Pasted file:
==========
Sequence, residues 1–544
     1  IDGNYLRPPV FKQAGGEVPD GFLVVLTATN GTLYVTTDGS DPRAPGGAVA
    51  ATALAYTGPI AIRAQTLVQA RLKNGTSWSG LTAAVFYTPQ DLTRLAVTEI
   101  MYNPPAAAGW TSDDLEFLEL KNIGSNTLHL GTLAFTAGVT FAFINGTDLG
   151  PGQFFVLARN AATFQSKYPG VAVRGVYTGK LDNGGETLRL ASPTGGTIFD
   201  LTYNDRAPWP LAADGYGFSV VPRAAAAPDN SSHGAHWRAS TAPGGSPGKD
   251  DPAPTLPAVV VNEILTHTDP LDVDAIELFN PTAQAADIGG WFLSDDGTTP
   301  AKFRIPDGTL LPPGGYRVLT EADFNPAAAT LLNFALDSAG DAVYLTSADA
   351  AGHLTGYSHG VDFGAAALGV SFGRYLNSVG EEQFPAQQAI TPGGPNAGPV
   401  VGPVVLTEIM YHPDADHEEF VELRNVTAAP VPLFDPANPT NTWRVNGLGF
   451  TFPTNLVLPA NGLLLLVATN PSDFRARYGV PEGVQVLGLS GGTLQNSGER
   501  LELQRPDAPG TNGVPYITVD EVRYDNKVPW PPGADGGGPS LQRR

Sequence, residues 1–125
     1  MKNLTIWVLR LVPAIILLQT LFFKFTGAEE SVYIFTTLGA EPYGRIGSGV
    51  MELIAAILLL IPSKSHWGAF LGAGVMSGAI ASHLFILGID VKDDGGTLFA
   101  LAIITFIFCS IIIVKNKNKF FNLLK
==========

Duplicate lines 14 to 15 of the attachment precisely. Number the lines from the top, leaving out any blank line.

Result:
     1  MKNLTIWVLR LVPAIILLQT LFFKFTGAEE SVYIFTTLGA EPYGRIGSGV
    51  MELIAAILLL IPSKSHWGAF LGAGVMSGAI ASHLFILGID VKDDGGTLFA